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The world of geocache

Staff Writer

Geocacher Marie Lindquist opens the Red Ledges cache which contains a bracelet, fortune cookie, shot glass, quarter and other items.

Emery County is a great location for the current worldwide outdoor recreation boom, Geocaching. This is a treasure hunting game that all ages can enjoy. Geocaching can be done at any time during the year, providing access is available.

To participate, a person must have a GPS (a handheld global positioning system). This device reads information from satellites and determines the location in relation to the longitude and latitude numbers on the Earth, and transmits those coordinates to the GPS readout. These coordinates are used to navigate around the surface of the Earth and locate specific points.

Geocaching enthusiasts hide caches, usually on public lands and usually in ammo boxes or PVC tubes, and also range from Tupperware bowls to ice cream buckets. Inside the cache is a log book for those who locate the cache to sign and date, along with little treasures. These treasures include key chains, toy cars, jewelry, stickers, pins, or virtually any small trinket that is not harmful or dangerous. A cache seeker carries little items with them, and when a cache is located, the finder has the option to leave an item and take an item, which is then noted in the log book when it is signed.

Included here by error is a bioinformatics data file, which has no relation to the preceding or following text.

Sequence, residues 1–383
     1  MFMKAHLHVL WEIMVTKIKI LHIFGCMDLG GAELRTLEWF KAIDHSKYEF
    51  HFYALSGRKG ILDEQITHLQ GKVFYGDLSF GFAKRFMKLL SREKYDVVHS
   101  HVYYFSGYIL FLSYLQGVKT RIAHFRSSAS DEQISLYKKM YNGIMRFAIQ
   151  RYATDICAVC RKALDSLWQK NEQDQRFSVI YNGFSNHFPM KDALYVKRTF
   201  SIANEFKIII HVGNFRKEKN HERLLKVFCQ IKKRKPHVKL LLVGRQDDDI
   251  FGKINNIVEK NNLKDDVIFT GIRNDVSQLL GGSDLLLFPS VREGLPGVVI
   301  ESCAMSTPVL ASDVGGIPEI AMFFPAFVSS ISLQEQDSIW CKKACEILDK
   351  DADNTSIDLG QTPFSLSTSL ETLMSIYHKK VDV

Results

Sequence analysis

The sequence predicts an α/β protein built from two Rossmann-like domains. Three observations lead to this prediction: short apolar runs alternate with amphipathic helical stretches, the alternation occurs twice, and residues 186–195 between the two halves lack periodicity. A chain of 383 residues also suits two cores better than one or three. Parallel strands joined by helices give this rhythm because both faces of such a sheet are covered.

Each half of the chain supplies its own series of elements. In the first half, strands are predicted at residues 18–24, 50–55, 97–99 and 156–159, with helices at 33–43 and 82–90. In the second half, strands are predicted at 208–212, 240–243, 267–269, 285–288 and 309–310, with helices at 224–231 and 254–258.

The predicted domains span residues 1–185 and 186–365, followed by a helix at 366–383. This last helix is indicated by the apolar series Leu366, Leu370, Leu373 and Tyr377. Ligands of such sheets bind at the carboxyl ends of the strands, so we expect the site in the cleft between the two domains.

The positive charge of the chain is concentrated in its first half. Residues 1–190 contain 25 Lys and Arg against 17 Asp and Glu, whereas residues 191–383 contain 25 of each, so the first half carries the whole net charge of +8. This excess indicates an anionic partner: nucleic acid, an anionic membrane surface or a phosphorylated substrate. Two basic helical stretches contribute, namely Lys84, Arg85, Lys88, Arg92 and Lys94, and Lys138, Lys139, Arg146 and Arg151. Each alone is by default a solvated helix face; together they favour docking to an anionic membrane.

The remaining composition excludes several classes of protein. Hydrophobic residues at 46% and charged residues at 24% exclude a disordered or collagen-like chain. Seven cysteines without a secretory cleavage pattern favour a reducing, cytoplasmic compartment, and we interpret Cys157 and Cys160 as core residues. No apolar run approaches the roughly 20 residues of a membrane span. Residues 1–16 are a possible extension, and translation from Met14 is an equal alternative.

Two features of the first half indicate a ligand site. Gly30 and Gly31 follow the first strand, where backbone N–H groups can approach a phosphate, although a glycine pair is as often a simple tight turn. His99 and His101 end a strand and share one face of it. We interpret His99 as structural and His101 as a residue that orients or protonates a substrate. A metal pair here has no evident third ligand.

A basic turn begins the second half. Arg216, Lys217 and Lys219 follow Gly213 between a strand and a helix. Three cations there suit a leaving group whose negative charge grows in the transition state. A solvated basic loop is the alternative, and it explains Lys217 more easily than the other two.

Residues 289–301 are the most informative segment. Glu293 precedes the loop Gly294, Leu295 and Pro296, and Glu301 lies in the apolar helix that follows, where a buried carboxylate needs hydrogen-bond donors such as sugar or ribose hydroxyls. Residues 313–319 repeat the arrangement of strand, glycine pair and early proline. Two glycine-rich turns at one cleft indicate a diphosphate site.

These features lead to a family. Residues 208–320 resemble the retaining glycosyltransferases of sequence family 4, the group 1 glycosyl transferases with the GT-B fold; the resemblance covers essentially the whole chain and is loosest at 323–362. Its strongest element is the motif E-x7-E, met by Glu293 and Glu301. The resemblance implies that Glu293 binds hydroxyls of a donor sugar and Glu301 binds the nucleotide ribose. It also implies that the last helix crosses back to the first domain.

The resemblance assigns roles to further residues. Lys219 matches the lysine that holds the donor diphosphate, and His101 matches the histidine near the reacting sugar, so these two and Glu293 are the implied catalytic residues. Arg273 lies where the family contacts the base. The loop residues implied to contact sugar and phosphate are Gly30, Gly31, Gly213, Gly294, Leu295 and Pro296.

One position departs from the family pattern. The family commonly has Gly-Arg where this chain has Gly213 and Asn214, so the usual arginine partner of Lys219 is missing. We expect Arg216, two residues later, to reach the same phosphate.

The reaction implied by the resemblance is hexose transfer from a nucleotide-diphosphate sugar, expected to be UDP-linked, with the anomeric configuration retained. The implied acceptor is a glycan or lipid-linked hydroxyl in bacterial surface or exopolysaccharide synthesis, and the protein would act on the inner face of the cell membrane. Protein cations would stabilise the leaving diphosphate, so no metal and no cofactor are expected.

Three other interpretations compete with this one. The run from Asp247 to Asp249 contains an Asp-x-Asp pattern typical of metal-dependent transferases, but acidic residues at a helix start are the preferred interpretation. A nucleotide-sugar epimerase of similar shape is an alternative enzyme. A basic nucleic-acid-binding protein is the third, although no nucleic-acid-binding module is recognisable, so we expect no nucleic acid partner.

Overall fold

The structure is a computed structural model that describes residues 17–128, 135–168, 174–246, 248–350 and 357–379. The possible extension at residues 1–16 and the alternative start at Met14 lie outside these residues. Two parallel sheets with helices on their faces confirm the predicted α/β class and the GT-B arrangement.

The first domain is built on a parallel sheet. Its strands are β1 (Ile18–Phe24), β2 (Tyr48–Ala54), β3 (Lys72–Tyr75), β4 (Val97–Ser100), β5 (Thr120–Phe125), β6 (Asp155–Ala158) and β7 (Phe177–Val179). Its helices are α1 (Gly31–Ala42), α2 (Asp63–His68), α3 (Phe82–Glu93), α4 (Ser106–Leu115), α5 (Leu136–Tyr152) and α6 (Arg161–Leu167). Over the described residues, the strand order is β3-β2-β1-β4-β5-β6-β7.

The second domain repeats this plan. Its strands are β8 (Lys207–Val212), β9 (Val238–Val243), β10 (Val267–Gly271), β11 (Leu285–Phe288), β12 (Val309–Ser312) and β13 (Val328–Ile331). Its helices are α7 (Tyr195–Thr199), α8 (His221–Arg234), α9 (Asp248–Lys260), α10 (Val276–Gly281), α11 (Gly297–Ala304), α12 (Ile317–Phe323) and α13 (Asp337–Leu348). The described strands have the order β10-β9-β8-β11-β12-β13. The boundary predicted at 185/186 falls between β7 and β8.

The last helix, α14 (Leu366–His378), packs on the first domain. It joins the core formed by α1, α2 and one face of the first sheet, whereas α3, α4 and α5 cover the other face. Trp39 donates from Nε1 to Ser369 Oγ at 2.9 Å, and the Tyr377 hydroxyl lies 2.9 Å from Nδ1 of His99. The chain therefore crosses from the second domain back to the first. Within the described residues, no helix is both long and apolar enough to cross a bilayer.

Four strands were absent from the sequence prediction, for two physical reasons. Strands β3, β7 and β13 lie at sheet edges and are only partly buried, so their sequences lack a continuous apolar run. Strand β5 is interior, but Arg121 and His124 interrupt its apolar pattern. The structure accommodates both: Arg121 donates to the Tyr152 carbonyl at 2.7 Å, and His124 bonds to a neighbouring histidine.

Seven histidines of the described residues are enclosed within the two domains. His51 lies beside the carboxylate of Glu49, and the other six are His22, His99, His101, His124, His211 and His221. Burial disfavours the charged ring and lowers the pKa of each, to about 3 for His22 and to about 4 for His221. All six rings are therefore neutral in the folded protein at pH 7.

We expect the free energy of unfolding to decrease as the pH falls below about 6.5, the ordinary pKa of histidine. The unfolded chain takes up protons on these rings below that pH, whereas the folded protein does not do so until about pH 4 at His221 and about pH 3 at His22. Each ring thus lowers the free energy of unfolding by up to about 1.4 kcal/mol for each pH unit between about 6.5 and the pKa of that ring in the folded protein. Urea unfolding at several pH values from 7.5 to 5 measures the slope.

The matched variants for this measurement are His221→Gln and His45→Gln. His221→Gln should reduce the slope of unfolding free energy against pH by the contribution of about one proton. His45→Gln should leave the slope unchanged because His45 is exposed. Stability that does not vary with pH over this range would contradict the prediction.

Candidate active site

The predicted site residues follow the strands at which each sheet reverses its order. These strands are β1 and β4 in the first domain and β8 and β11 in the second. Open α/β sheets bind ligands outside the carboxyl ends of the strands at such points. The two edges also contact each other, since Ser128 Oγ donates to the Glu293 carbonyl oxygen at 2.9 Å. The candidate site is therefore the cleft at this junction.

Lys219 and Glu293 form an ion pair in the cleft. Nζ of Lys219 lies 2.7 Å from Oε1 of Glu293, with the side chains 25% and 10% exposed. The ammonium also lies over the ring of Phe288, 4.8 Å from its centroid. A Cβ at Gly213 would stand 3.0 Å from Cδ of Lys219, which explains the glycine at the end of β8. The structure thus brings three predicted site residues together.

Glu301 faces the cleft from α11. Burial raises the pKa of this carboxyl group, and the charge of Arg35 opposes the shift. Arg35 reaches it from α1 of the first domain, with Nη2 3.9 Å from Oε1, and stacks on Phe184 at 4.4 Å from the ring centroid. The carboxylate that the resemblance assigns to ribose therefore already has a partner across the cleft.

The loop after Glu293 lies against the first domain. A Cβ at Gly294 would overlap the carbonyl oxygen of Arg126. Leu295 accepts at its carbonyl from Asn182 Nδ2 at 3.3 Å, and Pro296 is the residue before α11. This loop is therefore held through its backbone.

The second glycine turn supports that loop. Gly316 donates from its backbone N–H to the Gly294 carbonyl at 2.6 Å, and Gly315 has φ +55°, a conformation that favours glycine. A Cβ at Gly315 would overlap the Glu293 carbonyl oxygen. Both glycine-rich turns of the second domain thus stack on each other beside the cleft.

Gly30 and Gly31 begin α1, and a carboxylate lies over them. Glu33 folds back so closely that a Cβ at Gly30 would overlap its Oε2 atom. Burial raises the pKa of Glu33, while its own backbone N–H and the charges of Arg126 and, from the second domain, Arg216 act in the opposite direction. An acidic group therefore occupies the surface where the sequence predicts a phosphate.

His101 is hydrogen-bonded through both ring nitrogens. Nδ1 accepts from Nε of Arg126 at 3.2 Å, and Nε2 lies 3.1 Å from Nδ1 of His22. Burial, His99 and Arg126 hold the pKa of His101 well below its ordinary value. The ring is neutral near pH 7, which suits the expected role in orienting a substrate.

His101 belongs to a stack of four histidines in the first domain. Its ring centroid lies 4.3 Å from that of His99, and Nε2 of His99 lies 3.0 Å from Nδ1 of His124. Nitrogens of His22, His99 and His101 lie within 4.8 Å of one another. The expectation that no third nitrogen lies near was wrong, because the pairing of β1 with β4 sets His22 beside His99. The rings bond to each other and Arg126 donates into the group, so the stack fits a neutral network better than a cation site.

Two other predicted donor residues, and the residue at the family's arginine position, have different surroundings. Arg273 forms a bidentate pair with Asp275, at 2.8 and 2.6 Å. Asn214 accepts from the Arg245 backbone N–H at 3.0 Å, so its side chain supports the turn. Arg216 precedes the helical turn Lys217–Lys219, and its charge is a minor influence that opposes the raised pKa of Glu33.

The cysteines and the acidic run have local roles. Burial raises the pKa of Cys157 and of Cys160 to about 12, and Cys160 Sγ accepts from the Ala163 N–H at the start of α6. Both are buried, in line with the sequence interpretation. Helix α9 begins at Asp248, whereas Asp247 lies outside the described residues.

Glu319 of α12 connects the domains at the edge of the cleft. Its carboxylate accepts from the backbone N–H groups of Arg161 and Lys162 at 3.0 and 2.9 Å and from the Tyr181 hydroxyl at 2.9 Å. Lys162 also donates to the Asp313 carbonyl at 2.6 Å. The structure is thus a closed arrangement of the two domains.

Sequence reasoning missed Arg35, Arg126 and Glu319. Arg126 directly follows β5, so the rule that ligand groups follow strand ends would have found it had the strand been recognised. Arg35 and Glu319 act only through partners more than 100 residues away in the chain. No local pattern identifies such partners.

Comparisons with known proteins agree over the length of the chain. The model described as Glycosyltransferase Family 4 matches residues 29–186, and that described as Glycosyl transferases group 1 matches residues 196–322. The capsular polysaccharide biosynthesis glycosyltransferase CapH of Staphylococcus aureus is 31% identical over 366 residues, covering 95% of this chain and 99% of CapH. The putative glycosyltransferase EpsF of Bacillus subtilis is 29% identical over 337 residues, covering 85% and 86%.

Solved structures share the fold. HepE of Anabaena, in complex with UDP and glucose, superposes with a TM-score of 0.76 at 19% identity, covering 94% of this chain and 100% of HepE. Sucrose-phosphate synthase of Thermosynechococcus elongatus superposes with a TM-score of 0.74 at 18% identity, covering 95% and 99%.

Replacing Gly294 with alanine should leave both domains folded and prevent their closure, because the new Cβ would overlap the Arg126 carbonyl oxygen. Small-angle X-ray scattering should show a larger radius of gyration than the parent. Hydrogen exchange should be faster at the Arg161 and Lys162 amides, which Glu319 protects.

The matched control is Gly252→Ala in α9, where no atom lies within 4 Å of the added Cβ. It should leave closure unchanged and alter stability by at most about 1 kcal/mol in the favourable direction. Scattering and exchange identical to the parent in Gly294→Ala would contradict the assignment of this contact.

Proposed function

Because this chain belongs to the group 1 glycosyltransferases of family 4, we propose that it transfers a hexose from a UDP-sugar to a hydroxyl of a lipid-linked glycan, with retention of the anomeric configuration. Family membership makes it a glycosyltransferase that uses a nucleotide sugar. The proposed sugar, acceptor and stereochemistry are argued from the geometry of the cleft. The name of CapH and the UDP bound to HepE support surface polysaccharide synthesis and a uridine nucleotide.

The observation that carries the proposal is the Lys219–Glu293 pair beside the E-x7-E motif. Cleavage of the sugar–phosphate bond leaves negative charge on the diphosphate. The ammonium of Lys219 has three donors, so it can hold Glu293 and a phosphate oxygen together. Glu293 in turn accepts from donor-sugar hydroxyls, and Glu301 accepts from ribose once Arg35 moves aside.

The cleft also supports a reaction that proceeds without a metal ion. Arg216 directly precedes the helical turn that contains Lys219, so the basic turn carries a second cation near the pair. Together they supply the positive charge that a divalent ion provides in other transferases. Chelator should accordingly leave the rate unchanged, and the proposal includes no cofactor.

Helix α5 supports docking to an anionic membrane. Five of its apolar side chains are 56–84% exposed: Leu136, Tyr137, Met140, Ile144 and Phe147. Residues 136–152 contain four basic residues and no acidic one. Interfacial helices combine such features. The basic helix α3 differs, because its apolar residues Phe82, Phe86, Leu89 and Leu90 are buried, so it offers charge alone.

The treasures from the Red Ledges cache are in an old ammo box. You can pick a treasure and leave a treasure.

Some caches around Utah are virtual caches, such as a historic building or well known landmark. Geocaching is a great way to get to know Utah, and then expand to see the rest of the country as this hobby is practiced around the country as well as the world.

On the worldwide web there are sites dedicated to geocaching. They require a person to register a user name and password, but it is a free service. Once logged in, a user can request a search of all the registered caches within a certain mile radius of his home coordinates. Within a 50 mile radius of Castle Dale, the website lists nearly 460 caches waiting to be discovered.

The first site visited in making this story was the Red Ledges cache, a traditional cache, by DeViDe. It's coordinates are N 39 degrees 02.248, W 110 degrees 56.763. The second was near Castle Dale called the Oreo Cookie cache by mtwilli. It is a traditional cache with the coordinates of N 39 degrees 12.230, W 111 degrees 00.620.

This activity provides outdoor experiences and an avenue to meet other enthusiasts and compare treasures. Geocaching is not a way to become rich with treasure, but rich with the experiences that the outdoors in Emery County and Utah, can provide. Watch for upcoming geocaching events at the Emery County Fair and in Goblin Valley State Park.

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